Using a Netflix VPN? Some of you might have noticed that your speeds are slowing down while watching your favorite movies and TV series – especially if you’re doing it in Ultra HD (4K quality).

Don’t worry – that’s normal. VPNs rely on your initial speeds, so they will slow them down a bit.

Still, a few of you might experience annoying slowdowns (less than 25 Mbps). If you’d like to know why that is happening, there’s a chance the OpenVPN protocol has a role to play. Pretty much all VPNs use it by default nowadays, so you’re likely using it too every time you use Netflix with a VPN.

In this guide, we’ll take a look at what makes OpenVPN slow, and we’ll show you some actionable ways to increase your OpenVPN speeds.

Why Is OpenVPN Slow?

OpenVPN wasn’t exactly designed with speed in mind. Sure, it offers excellent security and privacy, but it’s also extremely resource-intensive (its code base ranges from 70,000 to 600,000 lines).

Besides that, here’s what else makes it so slow:

  • OpenVPN is single-threaded, so it only uses one CPU core (even if you have a powerful eight-core CPU). That means the encryption and decryption process will be slower, which – in turn – makes your speeds more sluggish.
  • OpenVPN uses the TUN/TAP driver which is pretty slow.
  • Finally, OpenVPN is a pretty old protocol, and has had numerous extensions over time (which likely contributed to the large code base it has today).

How to Improve Your OpenVPN Speeds

If you’re experiencing slow OpenVPN speeds, here’s what you can do to optimize them:

1. Use a Nearby Server

If the distance between you and the VPN server is too big, your OpenVPN speeds will be slower. That’s because it will take longer for data packets to travel between the VPN app and server.

So do your best to use the closest server to you. For example, if you’re trying to unblock Netflix US, and you’re in Japan, use a server on the West Coast or in Hawaii (if possible). Avoid servers on the East Coast since they’re too far away.

How do you know all the countries a Netflix title is available in, though?

Well, the easiest way to do that is to use StreamCatcher. It’s an online service owned by ProPrivacy that tells you where Netflix titles are available. Just look up the name of a movie or show, and you’ll instantly see what countries you can watch it in.

This tool should make finding a nearby VPN server location much, much easier.

2. Switch to UDP

Some VPNs use OpenVPN over TCP by default. It’s because that network protocol is connection-focused, meaning it’s more stable. It negotiates and establishes connections, uses error detection and correction methods, and requires an acknowledgement for each received packet.

UDP, on the other hand, is connectionless. It doesn’t number packets or bother with error detection and correction. Sure, that means it’s less stable, but it also means it’s much faster than TCP.

Whenever we use OpenVPN over UDP, we experience pretty noticeable improvements. On average, our speeds increase by around 50-60 Mbps compared to when we use the protocol over TCP.

3. Use Wired Connections

WiFi is convenient, yes, but the strength of its signal will affect your OpenVPN speeds. If it’s very weak, it will tank your connection speeds. It’s not uncommon to see a huge drop (like from 100 Mbps to 20-30 Mbps) whenever you move to a room that’s too far away from the one where the router is.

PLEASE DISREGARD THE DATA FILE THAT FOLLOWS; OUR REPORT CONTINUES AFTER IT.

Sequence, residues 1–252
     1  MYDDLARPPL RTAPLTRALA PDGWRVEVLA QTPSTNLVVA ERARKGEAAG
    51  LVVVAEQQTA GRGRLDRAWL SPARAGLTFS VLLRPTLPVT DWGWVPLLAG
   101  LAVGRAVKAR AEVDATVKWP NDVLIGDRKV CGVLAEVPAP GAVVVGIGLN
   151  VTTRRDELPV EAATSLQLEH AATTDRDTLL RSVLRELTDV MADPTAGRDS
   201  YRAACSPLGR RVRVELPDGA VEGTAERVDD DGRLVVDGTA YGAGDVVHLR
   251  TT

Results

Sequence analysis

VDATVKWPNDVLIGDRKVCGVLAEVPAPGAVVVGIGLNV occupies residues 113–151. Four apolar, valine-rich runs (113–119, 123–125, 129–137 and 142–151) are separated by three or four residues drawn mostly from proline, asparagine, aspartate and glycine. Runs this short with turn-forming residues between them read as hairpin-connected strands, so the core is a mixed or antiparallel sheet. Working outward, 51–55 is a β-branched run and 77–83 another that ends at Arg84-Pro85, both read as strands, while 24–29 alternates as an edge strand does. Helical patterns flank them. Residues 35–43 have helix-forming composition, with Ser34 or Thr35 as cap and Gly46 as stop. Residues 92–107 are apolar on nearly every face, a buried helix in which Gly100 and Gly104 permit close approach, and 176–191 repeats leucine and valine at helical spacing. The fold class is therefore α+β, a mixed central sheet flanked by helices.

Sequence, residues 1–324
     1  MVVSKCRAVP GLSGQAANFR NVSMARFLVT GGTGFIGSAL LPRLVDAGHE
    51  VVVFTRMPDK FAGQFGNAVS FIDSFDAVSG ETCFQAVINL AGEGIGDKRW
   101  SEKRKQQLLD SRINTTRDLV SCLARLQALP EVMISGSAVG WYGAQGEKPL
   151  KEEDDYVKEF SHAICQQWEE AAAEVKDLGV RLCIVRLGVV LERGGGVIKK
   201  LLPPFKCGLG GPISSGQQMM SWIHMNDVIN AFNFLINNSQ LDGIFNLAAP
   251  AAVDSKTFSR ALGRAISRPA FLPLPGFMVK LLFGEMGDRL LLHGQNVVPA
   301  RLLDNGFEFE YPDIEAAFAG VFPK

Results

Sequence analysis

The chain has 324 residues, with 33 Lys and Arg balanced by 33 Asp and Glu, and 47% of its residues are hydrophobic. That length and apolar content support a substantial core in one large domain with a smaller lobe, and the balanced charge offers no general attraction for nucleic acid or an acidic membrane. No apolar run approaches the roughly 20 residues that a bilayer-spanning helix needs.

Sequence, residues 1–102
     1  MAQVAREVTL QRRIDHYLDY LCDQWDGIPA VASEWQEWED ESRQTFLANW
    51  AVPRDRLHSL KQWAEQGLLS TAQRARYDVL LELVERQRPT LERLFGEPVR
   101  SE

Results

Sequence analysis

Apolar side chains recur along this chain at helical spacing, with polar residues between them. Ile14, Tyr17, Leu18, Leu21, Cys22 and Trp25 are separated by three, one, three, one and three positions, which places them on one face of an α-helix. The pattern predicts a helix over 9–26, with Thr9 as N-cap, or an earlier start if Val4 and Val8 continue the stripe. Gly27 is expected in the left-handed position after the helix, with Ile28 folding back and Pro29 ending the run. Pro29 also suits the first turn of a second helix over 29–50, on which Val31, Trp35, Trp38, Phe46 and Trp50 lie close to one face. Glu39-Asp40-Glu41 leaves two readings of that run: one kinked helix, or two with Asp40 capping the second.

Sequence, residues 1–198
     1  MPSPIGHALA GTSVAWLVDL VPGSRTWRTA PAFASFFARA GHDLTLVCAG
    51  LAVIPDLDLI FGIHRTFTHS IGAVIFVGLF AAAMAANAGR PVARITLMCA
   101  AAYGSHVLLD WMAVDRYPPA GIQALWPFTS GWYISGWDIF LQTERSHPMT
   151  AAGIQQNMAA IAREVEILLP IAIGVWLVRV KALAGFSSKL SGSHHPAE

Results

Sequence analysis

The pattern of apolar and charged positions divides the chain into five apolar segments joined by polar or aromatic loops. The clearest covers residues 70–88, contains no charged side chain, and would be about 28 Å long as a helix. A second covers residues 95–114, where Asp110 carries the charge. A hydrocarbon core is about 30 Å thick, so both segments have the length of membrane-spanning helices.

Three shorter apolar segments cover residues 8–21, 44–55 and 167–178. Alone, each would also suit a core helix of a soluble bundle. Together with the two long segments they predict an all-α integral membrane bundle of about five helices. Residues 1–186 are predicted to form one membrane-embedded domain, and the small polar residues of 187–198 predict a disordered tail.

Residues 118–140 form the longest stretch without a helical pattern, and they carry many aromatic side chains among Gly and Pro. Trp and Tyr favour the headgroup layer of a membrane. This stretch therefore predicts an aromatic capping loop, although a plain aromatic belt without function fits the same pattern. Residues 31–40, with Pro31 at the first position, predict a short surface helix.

With wired ethernet connections, that’s not a problem since there’s no WiFi signal that gets in the way. So hook up your device directly to the router.

If you can’t do that, either bring the device as close as you can to the router, or get a range extender.

4. Try Split Tunneling

Split tunneling is a feature that lets you decide which web traffic you want the VPN to encrypt or ignore. If the app and server have to encrypt, decrypt, and route less data, your OpenVPN speeds should be slightly faster.

To get the best results, you should make the VPN app only route traffic from:

  • The Netflix app installed on your device.
  • The browser you use to watch Netflix. Just make sure you close any tabs you don’t need.

5. Configure Your Antivirus & Firewall

Sometimes, your antivirus and firewall can interfere with your VPN connection. Some online guides and support reps say you should disable them, but please don’t do that. VPNs can’t protect you against malware infections, no matter what anyone says.

What you should do instead is whitelist the VPN app in your firewall and antivirus software.

6. Restart Your Router

If your router suffers memory leaks, it will pointlessly allocate memory, slowing down your online (and VPN) speeds in the process.

The best way to fix memory leaks is to restart your router.

7. Disable Background Apps

If you don’t have enough RAM memory or a powerful CPU, having other web-connected apps running in the background will slow down your VPN speeds. So turn off all non-essential apps while using a VPN with Netflix.

For example, only keep the VPN and Netflix app/browser you use with Netflix on. Don’t leave your torrent client, Steam, Skype, or any other similar app running.

Can Obfuscation Improve OpenVPN Speeds?

It could be possible. Obfuscation is meant to hide OpenVPN traffic, so it could theoretically improve your speeds if your ISP, network admin, or government is throttling OpenVPN traffic.

Unfortunately, we can’t say what kind of speed boost you’d see. We never experienced OpenVPN throttling, so we never had to use obfuscation to avoid it. Though, some of our readers who dealt with this did say they saw a noticeable improvement.

How Else Can You Boost OpenVPN Speeds While Watching Netflix?

If you know other tips that work, please let us know in the comments below. Also, if you can mention what speed increases you noticed (how many extra Mbps) after applying those tips, we’d really appreciate it.

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